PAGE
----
Alzheimer’s Association-Interview with staff- Theresa Thomas by Angie August

Have funding changes had an impact on your service delivery?

Absolutely I think the biggest impact has been the line impact at the state level that we had for restive care. So it has really impacted dollars to our families to help offset that cost.

What is restive care?

Allows them to have somebody come in the home to support them. Allows the caregiver to have a little break while somebody came in, whether its companion services so they can go shopping or to keep an eye on a loved one. That’s been huge and I do not know if we see that changing at all. Under the Kasich administration it was an extreme decline or lowering amount. We go to Columbus once a year. We have our families come and allow them to share their story. I get very choked up listening to clients tell their story. They so bravely tell their story. So that is probably the biggest challenge for us, the lower amounts were allocated.

Do you raise the money to cover the difference in costs?

No we do not raise that money. We coordinate so there is still some dollars allocated for restive but it is on a much smaller scale so that makes it hard.

What careers in the nonprofit field do you see shrinking or growing?

Actually I see all careers in nonprofits growing. As we as a country are looking at our deficit, we are only going to see more and more where government is going to look to the outside, nonprofit world nongovernmental agencies, to provide aid. I see leadership roles and much different variety of roles growing in the nonprofit world to meet the need the government is no longer to support and I do not see that changing in the future.

What funding changes has your organization experienced in the last couple of years other than the governmental impact?

We had the down market so the recession era, we did see a decline but not a major decline from dollars received from donors. And I think that that recession targeted a specific group for the most part. Yes it impacted everybody, but those that were wealthier and more charitibabily inclined, they were no impacted. We did see more growth in our walk during the recession. We believe as an association we have been focusing dollars toward awareness and advertising we did not do before. I think that helps think people more to the organization. The campaigns they put out are really good.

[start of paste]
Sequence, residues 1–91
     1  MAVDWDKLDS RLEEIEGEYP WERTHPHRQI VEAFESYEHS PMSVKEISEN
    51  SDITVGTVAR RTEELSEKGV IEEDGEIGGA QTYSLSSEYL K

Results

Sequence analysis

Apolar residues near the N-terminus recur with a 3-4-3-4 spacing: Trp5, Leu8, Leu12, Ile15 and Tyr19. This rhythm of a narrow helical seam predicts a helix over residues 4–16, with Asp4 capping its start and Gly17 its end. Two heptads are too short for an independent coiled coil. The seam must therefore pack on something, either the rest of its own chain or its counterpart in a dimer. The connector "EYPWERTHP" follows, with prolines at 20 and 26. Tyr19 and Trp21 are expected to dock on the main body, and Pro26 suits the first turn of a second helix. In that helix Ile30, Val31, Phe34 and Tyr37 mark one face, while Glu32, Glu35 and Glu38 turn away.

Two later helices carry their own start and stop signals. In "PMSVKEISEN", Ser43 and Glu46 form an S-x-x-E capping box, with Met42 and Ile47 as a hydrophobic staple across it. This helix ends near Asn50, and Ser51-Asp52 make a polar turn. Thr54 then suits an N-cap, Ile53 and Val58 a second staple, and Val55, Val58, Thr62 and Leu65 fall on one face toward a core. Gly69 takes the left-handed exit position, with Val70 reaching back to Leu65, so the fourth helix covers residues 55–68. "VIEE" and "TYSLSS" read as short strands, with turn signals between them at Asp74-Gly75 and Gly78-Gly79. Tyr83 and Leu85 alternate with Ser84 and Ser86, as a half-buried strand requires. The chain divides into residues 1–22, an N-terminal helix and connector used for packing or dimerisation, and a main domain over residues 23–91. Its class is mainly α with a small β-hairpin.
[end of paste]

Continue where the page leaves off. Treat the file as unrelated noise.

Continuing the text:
Has your organization formed interorgnaiztion partnerships to meet demands of the community?

Yes, I can give you number examples of that. The memory resource center is a partnership with Wright State University and St. Leonard’s. St. Leonard’s has given us some space that we have set up what we call our community based memory resource center. It is for families to bring somebody with dementia and is outcomes and measurement based. So there is an evaluation piece and it is very personalized. They come up with activities like music and videos that are truly linked to a person’s interested and life. I think it is a wonderful asset. My father had Alzheimer’s and I wish we would have had something like that because you run out of ideas. The way the area is structured so they have private and family rooms. Once a month they have parties and they give the patients actual jobs. So they feel like they are helping us and people really love it.

With the challenges of working in a nonprofit, how do you stay motivated with the work you do?

I think that it really helps me to stay connected with families because sometimes you can get so focused on a specific event or activity and I think you do lose sight of what is happening on a day to day basis. So for me, I am also involved in our helpline. I take helpline calls and if people just walk in and need to down and help them. That is very empowering to me. And at our events I make sure I am talking with some of our families. And truly it is not too hard because some of our families are volunteering at some of our events so I am working with them there so hearing their story and their journey is really empowering.




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